Well, some of us embrace it more than others, but if the St. Paul Winter Carnival goes ahead and builds an ice palace this year, that’s another reason to embrace the Super Bowl.

In 1992, when Minnesota hosted its one previous Super Bowl (No. XXVI, exactly half of LII), the Twin Cities Super Bowl weekend featured Frank Sinatra and Madonna, and Rochester enjoyed its moment in the spotlight as well, with the late, great Chuck Berry here for an event that was in part at the Mayo Civic Center. The city expected to see about $500,000 in economic impact.

Rochester’s population was about 75,000 in 1992. The city is now half again as big, the third-largest city in the state, and it has the state’s largest private employer driving the state’s largest-ever economic development program. Mayo Civic Center will have the grand opening for its $85 million expansion on Thursday. Rochester is a far more dynamic place than it was when Washington played Buffalo at the HHH Metrodome - a yawner, like most Super Bowl games.

The city may not get a whole lot of hotel and Super Bowl-related business, but it’s an opportunity for every business and institution in town, including DMC, to grab some attention, make contacts and build relationships.

As Patrick Seeb, the DMC EDA economic development director, said at the Dialogue, Rochester needs to get fully plugged into the process at the individual volunteer level on up.

“Who will tell the Rochester story as well as we will?” he said.

Though it’s eight months away, there’s a vast amount of work to be done. Now’s the time to make plans, volunteer and get involved. It’ll be February before you know it. And is it too early to wish for no 30-below cold on Feb. 4?

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The Free Press of Mankato, May 5

Fear of MMR vaccine taking its toll in state

Repeating and resurrecting debunked information doesn’t make it suddenly become true.

An outbreak of misleading information, however, is taking its toll on children in Minnesota, especially those of Somali descent. An uptick in measles cases is occurring in Minnesota specifically because false claims are scaring some parents into believing the measles, mumps and rubella vaccine, or MMR, causes autism in their children.

The state health department reported 41 cases as of Thursday afternoon with 39 confirmed to be unvaccinated. The department said 34 of the cases are Somali Minnesotans.

Measles shouldn’t be happening in this country anymore. A safe, proven vaccine can protect children as well as those who are unable to be vaccinated because they are too young or have auto-immune issues.

The vaccine’s tie to autism was debunked years ago when the doctor who concocted the theory was held accountable. Not only was Andrew Wakefield’s research retracted from the British medical journal Lancet in 2010, but an investigation pointed to fraud. His medical license was revoked by the U.K. medical register. Repeated studies show no link between the vaccine and autism.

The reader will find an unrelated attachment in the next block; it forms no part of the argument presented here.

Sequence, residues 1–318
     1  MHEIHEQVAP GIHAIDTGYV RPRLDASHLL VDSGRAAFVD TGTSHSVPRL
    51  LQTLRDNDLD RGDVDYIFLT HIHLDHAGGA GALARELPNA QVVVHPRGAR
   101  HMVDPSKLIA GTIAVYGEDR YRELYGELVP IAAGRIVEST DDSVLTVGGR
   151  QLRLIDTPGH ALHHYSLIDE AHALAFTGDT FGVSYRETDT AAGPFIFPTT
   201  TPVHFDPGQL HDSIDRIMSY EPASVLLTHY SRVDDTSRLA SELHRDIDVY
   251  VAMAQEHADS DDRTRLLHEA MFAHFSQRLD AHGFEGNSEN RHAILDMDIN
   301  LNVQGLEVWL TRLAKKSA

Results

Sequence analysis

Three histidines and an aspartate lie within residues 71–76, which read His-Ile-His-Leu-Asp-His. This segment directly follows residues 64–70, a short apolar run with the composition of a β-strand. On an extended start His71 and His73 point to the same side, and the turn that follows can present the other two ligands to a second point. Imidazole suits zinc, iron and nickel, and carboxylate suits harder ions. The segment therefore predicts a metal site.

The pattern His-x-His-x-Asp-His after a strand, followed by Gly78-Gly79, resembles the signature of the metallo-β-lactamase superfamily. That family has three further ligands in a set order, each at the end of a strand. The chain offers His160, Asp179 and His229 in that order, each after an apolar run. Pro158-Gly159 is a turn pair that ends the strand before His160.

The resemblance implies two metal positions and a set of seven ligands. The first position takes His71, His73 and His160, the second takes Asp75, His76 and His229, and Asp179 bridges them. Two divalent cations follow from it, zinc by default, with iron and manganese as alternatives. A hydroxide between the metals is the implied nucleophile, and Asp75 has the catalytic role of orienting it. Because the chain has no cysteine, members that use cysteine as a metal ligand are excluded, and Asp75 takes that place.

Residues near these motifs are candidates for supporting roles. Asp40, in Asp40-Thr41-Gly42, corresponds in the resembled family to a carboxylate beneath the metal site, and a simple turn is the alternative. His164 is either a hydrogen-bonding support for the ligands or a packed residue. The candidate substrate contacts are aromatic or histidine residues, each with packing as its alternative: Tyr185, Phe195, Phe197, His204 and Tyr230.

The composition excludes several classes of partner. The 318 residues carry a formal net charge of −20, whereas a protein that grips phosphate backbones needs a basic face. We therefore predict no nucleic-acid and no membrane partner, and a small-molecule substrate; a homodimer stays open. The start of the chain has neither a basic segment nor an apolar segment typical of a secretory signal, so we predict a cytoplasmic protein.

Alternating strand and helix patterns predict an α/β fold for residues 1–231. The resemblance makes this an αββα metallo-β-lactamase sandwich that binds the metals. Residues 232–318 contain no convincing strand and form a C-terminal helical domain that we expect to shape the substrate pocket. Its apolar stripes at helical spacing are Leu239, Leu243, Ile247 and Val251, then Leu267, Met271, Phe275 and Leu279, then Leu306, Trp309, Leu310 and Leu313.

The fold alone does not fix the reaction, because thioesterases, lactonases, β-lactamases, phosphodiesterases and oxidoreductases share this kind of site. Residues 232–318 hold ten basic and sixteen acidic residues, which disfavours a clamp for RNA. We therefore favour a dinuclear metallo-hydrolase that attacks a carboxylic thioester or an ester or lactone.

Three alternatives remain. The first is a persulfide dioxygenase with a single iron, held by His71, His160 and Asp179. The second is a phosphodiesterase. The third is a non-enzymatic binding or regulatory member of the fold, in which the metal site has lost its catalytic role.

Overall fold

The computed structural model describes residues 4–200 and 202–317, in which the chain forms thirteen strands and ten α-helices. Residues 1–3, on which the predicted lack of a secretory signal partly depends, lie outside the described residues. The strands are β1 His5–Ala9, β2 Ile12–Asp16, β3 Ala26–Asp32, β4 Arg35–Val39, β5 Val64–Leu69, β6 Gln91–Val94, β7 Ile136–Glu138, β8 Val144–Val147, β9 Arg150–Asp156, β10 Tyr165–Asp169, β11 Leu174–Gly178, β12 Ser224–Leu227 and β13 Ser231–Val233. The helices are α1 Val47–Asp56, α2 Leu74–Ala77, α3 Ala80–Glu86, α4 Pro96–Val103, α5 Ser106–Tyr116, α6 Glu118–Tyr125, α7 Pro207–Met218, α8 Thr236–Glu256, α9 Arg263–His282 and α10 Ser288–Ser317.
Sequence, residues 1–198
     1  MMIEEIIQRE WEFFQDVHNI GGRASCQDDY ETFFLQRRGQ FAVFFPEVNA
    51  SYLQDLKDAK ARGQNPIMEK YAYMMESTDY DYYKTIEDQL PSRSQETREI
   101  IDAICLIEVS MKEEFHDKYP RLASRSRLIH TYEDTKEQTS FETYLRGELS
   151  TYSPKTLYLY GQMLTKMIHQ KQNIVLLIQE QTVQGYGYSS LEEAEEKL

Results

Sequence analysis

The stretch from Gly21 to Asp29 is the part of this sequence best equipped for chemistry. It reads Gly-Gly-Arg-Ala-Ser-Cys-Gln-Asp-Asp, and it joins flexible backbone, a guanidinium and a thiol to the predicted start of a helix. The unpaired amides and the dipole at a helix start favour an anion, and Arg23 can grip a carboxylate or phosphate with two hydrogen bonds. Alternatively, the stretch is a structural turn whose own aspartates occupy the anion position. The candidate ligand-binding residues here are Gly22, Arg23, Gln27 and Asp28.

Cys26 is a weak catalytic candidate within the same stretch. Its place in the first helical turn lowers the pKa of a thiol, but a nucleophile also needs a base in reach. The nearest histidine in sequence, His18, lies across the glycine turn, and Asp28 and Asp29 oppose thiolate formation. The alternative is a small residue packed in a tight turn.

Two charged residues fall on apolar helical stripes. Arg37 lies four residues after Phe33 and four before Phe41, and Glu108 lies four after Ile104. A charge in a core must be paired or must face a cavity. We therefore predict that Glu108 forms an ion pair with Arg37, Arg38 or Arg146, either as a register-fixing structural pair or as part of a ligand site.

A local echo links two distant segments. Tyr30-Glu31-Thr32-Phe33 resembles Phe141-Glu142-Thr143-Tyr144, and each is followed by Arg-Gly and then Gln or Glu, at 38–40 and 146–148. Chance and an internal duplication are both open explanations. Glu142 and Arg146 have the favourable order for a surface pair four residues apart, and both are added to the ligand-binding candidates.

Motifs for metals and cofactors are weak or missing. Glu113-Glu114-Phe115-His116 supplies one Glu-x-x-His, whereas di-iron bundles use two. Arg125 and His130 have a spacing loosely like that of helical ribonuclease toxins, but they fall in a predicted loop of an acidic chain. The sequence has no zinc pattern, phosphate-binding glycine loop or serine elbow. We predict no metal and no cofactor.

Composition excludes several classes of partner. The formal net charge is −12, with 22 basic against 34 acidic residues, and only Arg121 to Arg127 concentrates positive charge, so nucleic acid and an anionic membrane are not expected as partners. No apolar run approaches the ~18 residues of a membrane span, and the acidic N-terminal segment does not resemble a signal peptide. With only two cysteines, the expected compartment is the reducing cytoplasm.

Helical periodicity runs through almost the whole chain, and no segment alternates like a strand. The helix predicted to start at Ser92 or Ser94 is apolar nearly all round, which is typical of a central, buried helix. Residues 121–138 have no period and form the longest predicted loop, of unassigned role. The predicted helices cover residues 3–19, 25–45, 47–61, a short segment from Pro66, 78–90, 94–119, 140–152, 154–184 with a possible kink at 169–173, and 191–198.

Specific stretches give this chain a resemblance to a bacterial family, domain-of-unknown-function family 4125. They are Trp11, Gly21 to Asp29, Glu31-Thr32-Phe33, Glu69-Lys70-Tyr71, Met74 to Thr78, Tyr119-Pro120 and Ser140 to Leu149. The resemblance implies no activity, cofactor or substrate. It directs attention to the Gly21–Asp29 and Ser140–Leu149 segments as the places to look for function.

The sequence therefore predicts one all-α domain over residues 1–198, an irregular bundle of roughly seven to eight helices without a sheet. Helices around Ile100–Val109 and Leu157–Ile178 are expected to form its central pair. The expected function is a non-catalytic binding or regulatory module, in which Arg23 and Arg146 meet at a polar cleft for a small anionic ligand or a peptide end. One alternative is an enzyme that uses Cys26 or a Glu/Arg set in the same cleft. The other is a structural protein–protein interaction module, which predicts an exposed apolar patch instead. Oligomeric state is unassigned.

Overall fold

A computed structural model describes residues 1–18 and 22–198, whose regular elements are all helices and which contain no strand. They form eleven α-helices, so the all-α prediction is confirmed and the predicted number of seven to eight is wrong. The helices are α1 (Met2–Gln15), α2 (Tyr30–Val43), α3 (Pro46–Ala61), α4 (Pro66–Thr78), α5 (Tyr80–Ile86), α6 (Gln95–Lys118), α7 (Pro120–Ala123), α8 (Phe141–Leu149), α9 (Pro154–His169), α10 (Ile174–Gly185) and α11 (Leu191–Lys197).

But Wakefield’s followers have kept the misinformation campaign alive, arriving at recent meetings hosted by public health officials in Minnesota who are trying to educate parents about the importance of protecting communities against the serious and sometimes deadly disease. The anti-vaccine group shows up with forms for parents telling them they just need to fill out the opt-out paperwork.

Measles is not “just a rash” as has been characterized by some parents who decided against the MMR shot for their children. The “just a rash” begins at the head and spreads down to the rest of the body; complications include pneumonia and earaches that potentially lead to permanent hearing loss. In severe cases, measles can produce lasting lung and brain damage. The 1990 outbreak of measles in the Minnesota resulted in 460 cases of measles and three children died, according to former state epidemiologist Michael Osterholm.

Although Mankato hasn’t yet had a recorded measles case, health officials in our region are justifiably concerned. Many of our residents of Somali descent have relatives in the Twin Cities they visit on weekends, said Mohamed Ibrahim, a Mayo Clinic Health System community health worker in St. Peter. This scenario raises the possibility of a child contracting the virus where the outbreak is occurring before bringing it back to southern Minnesota.

Area health professionals need to continue to try to get out in front of this outbreak and educate parents, using staff with the cultural knowledge and language to make it clear to parents just how serious this issue is. County administrators need to make sure their health and human services departments are getting the staff and financial support to make sure the outreach is intense.

Somali families who have vaccinated their children need to reach out to those who haven’t or are unsure and stress the importance of protecting the community. Spreading the word is urgently needed to get ahead of spreading of the disease.

If we take a wait-and-see approach on how this region will be affected by the measles outbreak, it might be at the expense of our community’s children.